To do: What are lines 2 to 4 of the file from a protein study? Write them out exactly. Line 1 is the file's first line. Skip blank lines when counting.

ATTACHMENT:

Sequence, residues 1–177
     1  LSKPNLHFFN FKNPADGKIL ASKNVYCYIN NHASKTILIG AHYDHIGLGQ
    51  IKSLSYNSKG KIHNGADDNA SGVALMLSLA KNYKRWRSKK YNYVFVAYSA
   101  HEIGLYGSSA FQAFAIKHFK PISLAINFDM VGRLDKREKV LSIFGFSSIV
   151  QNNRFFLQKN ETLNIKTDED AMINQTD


     1  LSKPNLHFFN FKNPADGKIL ASKNVYCYIN NHASKTILIG AHYDHIGLGQ
    51  IKSLSYNSKG KIHNGADDNA SGVALMLSLA KNYKRWRSKK YNYVFVAYSA
   101  HEIGLYGSSA FQAFAIKHFK PISLAINFDM VGRLDKREKV LSIFGFSSIV